However, contrary to other designs, large steam volumes are difficult to handle, and only in combination with an axial turbine (DUREX) can the turbine power exceed 50 MW.In marine applications, only about 50 turboelectric units were ordered in 1917-19 (a considerable number were eventually sold to onshore factories), while some turbomachinery units were sold in 1920-22, but not very successfully.In the late 1960s, only a few turbine-electric marine power plants were still in use (ss Ragne, ss Regin), while most land-based power plants were still in use in 2010.Statorless turbines.A multi-stage turbine has a set of static (meaning stationary) inlet guide vanes that direct the airflow onto the rotating rotor blades.In a statorless turbine, the airflow leaving the upstream rotor hits the downstream rotor without encountering an intermediate set of stator blades (rearranging the pressure/velocity energy levels of the airflow).Ceramic turbine.Traditional high-pressure turbine blades (and blades) are made of nickel-based alloys and often use complex internal air-cooling passages to keep the metal from overheating.In recent years, experimental ceramic blades have been fabricated and tested in gas turbines to increase rotor inlet temperatures and/or possibly eliminate air cooling.Ceramic blades are more brittle than metal blades and carry a greater risk of catastrophic blade failure.This tends to limit their use in jet engines and gas turbines to stator (stationary) blades.Turbine with cover.Many turbine rotor blades have shrouds on top that interlock with the shrouds of adjacent blades to increase damping and thus reduce blade flutter.In large land-based power generation steam turbines shrouds are often supplemented with bracing wire, especially in the long blades of low pressur turbines.These wires pass through holes drilled in the blade, an appropriate distance from the root of the blade, and are usually brazed to the blade where they pass.The ties reduce blade chatter in the center portion of the blade.The introduction of ties greatly reduces the instances of blade failure in large or low pressure turbines.Unshrouded turbine.Modern practice is to eliminate rotor shrouds wherever possible, thereby reducing centrifugal loads and cooling requirements on the blades.Bladeless turbines use boundary layer effects instead of fluid impinging on the blades like conventional turbines.

  • Water turbine

  • Pelton Turbine, a type of Pelton Turbine.

  • Francis turbine, a widely used type of water turbine

  • Axial turbines, a variant of Francis turbines.

  • Turgo turbine, a modified form of the Pelton turbine.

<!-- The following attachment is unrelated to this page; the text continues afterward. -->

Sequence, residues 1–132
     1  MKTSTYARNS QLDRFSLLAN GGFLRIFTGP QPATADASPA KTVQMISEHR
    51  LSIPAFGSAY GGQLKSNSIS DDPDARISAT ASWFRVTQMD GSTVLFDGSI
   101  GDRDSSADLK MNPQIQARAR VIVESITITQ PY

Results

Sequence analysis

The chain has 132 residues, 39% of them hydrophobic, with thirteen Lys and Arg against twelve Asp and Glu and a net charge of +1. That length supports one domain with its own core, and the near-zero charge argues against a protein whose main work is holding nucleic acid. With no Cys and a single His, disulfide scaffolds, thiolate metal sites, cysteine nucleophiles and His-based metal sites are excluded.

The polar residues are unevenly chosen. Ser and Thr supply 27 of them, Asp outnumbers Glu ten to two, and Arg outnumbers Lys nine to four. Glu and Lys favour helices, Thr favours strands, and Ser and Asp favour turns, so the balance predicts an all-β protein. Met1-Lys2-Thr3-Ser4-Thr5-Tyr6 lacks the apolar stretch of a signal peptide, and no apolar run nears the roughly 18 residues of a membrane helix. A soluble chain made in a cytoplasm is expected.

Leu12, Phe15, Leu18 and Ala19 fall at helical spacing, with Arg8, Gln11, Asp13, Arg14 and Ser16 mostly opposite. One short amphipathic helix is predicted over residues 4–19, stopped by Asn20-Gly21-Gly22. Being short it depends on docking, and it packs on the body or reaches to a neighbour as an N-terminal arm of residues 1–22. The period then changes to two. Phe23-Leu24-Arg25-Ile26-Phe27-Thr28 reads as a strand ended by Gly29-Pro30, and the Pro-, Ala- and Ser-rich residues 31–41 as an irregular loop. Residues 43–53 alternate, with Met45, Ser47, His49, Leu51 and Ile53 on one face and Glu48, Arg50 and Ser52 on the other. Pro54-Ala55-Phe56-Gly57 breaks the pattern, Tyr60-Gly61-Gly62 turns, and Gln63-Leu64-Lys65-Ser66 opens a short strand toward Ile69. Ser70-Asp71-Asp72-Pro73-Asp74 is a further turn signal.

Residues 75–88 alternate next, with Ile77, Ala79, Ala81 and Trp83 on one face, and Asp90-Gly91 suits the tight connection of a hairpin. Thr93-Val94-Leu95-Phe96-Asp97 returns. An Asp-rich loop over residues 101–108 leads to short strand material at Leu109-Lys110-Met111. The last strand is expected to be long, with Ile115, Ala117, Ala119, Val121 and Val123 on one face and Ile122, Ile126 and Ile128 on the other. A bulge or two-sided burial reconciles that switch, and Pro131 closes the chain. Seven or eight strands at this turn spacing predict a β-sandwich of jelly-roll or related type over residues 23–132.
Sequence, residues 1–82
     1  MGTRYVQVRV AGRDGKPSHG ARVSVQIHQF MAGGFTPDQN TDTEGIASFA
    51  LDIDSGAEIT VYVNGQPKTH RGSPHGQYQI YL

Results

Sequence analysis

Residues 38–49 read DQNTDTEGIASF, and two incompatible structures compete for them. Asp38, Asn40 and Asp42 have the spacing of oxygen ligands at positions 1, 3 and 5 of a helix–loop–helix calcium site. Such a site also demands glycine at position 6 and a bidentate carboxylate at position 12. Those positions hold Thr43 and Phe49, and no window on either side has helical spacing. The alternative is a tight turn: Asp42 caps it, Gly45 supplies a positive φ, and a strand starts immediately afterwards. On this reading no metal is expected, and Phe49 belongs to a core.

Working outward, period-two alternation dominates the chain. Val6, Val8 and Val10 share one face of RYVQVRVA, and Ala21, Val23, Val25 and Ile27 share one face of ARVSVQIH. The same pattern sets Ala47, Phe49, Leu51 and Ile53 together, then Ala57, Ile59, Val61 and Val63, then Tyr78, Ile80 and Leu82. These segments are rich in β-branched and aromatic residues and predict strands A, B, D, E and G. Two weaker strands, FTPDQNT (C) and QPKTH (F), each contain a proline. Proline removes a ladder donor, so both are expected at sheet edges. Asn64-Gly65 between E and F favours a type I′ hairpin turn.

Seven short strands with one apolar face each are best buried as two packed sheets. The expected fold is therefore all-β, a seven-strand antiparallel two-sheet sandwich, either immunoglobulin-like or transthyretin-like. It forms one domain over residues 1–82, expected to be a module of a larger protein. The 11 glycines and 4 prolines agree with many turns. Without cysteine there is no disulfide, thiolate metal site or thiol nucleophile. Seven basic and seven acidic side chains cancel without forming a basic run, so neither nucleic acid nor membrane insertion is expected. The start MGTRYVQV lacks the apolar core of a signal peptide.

• Cross-flow turbines, also known as Banki-Michell turbines or Ossberger turbines.

  • Wind turbine.These typically operate as a single stage, without nozzles and interstage vanes.The exception is Éolienne Bollée, which has a stator and a rotor.Speed Compound "Curtis".Curtis combines de Laval and Parsons turbines by using a fixed set of nozzles on the first stage or stator, followed by a series of fixed and rotating blade rows, as in Parsons or de Laval, usually up to ten rather than up to A row dred stage of Parsons design.The overall efficiency of the Curtis design is lower than that of a Parsons or de Laval design,but it can operate satisfactorily over a wider speed range, including successfully at low speeds and pressures, making it well suited for use in marine powerplants.In the Curtis arrangement, the entire heat drop in the steam occurs in the initial row of nozzles, and the subsequent rows of moving and stationary blades only redirect the steam.Using a small section of a Curtiss unit, usually a nozzle section and two or three rows of moving blades, often called a Curtiss "wheel", in this form the Curtiss finds widespread use at sea Many reactive and impulse turbines and turbomachines.This practice is still common today in marine steam equipment. Pressure compounded multistage pulse, or "Rateau", named after its French inventor, Auguste Rateau.The Rateau employs simple impulse rotors separated by nozzle diaphragms.Diaphragms are essentially the partitions in a turbine into which a series of tunnels are cut, funnel-shaped, with the wide end facing the previous stage and the narrow end facing the next stage, they are also angled to direct the jet of steam onto the impulsive rotor.Mercury steam turbines use mercury as the working fluid to increase the efficiency of fossil fuel power plants.Although some power plants were built using a combination of mercury vapor and traditional steam turbines, the toxicity of metallic mercury quickly became apparent.A screw turbine is a type of water turbine that uses the Archimedes screw principle to convert the potential energy of the upstream water level into kinetic energy.